- The Khartoum government has rejected reports alleging that is has allowed four aid agencies expelled in March to return to the war torn Darfur region.
The rejection follows the announcement by the UN's humanitarian chief, John Holmes, in New York yesterday, that the Sudanese government has authorised four aid agencies to work in Darfur, but under new names and logos.
The Sudanese envoy at the UN, Abdel-Mahmood Abdel-Haleem, said all the aid agencies expelled in March are not being allowed to operate in Sudan, but said for organisations willing to apply afresh, credentials will be checked and a decision will be taken on a case-by-case basis.
According to the Sudan Tribune, the Sudanese foreign ministry spokesperson, Ali Al-Sadiq, told the official news agency (SUNA) that none of the evicted groups will return.
Mr Holmes had said in a statement there was possibility that all the organisations which were expelled would be allowed back, saying some of them already have taken advantage, and had applied for new registrations.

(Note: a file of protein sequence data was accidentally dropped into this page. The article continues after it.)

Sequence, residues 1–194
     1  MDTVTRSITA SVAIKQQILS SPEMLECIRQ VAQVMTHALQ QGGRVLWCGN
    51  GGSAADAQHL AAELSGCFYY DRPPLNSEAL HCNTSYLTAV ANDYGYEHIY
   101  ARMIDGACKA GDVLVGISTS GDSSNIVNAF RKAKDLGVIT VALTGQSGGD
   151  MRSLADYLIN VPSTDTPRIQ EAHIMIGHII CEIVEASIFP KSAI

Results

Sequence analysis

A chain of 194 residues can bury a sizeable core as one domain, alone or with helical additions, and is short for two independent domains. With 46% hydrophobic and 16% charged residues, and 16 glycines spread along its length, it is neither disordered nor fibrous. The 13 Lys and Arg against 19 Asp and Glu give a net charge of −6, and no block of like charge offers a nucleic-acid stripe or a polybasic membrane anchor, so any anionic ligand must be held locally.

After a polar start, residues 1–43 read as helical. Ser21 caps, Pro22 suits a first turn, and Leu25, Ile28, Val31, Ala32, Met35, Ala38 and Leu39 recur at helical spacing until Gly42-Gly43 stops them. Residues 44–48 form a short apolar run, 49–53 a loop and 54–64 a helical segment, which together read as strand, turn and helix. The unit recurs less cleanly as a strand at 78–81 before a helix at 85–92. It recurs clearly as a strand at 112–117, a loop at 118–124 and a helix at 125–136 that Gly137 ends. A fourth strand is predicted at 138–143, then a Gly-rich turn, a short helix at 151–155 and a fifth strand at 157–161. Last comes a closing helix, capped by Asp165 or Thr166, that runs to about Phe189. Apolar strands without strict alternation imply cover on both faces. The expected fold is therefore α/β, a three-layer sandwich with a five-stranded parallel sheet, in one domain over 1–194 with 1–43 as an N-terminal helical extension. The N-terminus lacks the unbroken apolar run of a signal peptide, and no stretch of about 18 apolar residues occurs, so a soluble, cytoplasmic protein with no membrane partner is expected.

“Four have already applied for new registration under their slightly changed new names and they have been accepted. I think the same possibility is open to others,” he said.
In March, the Sudanese government expelled 17 non-governmental organisations from the country after an arrest warrant was issued for President Omar al-Bashir by the International Criminal Court for alleged war crimes and crimes against humanity in the Darfur.
The organisations were accused of feeding the International court false accounts on the Darfur crisis.
Some 4.7 million people rely on humanitarian aid in Darfur, while more than 2.7 million people reside in refugee camps after the violence drove them from their homes.
Sudan has vowed not to allow any of the expelled groups to return and Mr Bashir has announced that local aid groups would take over in a year’s time.
The Darfur conflict started in 2003 when ethnic minority rebels took up arms against the Arab-dominated Khartoum government complaining of discrimination and neglect in the Darfur region. The six year conflict in Sudan has killed more than 300,000 people with more others displaced.
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